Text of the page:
5 Questions with Stacey Lee, author of Under A Painted Sky
This year’s Centre County Reads book selection, Under A Painted Sky, takes place in 1845. The young adult fiction novel features Sammy, a Chinese American girl, and Annamae, an African American slave girl. The two disguise themselves as boys and set off alone on the Oregon Trail in search of family and freedom.
Author Stacey Lee is an advocate of bringing more diverse voices into children’s books. Under A Painted Sky was her debut book that came out in 2015. In April, she’ll be visiting Happy Valley and speaking at the Nittany Lion Inn. She took time to talk about her book, writing young adult fiction, and bringing diverse characters and voices to the pages of books.
T&G: Centre County Reads obviously picked Under A Painted Sky for its one book this year. It’s been a few years since it came out. Were you/have you been surprised by the reaction to it and how it’s connected with people?
Lee: I’m thrilled at the response! There have definitely been a number of times where I've been surprised to learn where my book has ended up. For example, at one point, several California state judges were passing it around the bench.
T&G: In reading your bio on your Web site, I was interested in how you described writing young adult fiction. You wrote, “Examining childhood through the blurred lens of adult eyes is an exquisitely painful and beautiful process.” I guess what makes it painful? And what makes it beautiful?
Lee: Painful because when you’re an adolescent, that feeling of being rejected/left out/disappointed feels so much more acute than when we’re adults. Not only do we not have the experience to deal with our heartache, but our brains haven’t developed the logic to sort through the problems, so our responses are often guided solely by emotion.
It’s beautiful because looking back can not only help us see how far we’ve come, but also shows us how connected we are with one another. We can all relate to having our heart broken. It reminds us we are all human.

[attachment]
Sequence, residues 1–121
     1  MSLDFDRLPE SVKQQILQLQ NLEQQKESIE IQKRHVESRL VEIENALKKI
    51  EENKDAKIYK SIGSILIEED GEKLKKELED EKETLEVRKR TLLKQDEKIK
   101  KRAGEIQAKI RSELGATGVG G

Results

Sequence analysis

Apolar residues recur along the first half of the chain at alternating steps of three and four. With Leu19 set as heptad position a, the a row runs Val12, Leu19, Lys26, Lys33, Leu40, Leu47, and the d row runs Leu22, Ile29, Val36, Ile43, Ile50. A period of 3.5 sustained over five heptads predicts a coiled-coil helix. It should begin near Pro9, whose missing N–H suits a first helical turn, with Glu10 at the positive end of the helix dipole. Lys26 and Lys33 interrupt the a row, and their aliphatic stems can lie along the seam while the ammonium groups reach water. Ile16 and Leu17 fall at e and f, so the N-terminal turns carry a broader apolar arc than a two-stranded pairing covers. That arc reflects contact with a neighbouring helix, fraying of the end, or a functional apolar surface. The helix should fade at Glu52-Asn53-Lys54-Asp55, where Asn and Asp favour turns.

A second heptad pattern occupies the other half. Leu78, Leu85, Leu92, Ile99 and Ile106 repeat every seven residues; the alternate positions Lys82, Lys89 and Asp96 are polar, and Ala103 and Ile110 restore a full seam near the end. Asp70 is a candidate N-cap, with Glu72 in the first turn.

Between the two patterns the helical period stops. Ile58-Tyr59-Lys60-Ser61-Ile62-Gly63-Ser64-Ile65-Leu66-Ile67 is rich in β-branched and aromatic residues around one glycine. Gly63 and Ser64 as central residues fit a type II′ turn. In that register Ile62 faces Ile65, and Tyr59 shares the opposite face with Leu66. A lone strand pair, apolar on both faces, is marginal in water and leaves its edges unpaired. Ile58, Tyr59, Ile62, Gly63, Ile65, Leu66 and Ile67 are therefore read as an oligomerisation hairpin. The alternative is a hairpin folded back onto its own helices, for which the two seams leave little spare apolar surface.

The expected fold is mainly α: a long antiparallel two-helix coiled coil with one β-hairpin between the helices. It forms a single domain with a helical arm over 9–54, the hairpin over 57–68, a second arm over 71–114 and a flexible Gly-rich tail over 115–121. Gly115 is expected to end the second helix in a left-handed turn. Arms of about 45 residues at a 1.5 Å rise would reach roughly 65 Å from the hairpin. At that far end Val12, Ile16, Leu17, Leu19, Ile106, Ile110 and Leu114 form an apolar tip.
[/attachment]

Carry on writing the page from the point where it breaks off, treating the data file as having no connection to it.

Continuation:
T&G: I also like the part about “writing young adult fiction is like pressing your nose against the glass door to your childhood.” What was your childhood like?
Lee: I’m the middle child of two sisters. My parents were pretty strict when compared to my white friends — for example, we weren’t allowed to pierce our ears or date — and not very strict when it came to the parents of other Asian friends — we didn’t have to go to the dreaded “Chinese” school on Saturdays. I guess that means my parents were pretty okay. They brought us up with the twin virtues of music and education. I feel blessed that my parents are still around and we’re all still very close.
T&G: Your first two books were written in historical periods. What periods of history do you find interesting and how much research do you do about those periods that you’re going to write about?
Lee: I think it's all interesting! My job as a writer of historical fiction is to make whatever period I’m writing about interesting to readers by giving them a personal connection to the period, via a character. You may not care about the Oregon Trail, but if I introduce you to a girl who's on the run from the law and trying to survive on the Oregon Trail, you suddenly care about the next outpost and whether she’s going to be able to find a horse.
I do about 6 to 12 months of research before I start writing, more or less depending on how foreign the topic is for me. I’m currently researching Atlanta, Georgia, and that one’s taken me a bit more time since I’ve never lived in the south.
T&G: Can you talk about your work with We Need Diverse Books and your hopes and goals with that organization?
Lee: The organization grew out of a frustration with how few children’s books are published reflecting the diverse backgrounds of our children. Since when the Children’s Cooperative Book Council began tracking this information, the percentage of books of children’s books written by or containing children of color has hovered at around 7 percent, this despite our population being almost 40 percent diverse. It’s important because when you see yourself in a book, suddenly you matter. Imagine all those kids who, like myself, grew up thinking they weren’t important enough to be in books.
WNDB hopes to continue advocating for better representation of our kids in the book industry, through partnerships with publishers, fund-raising for awards, grants, and publishing internships, book-talking kits for librarians and booksellers, and a host of other programs.
Stacey Lee will give a talk at 7 p.m. April 6 at the Nittany Lion Inn. For more information about Centre County Reads, visit centrecountyreads.org.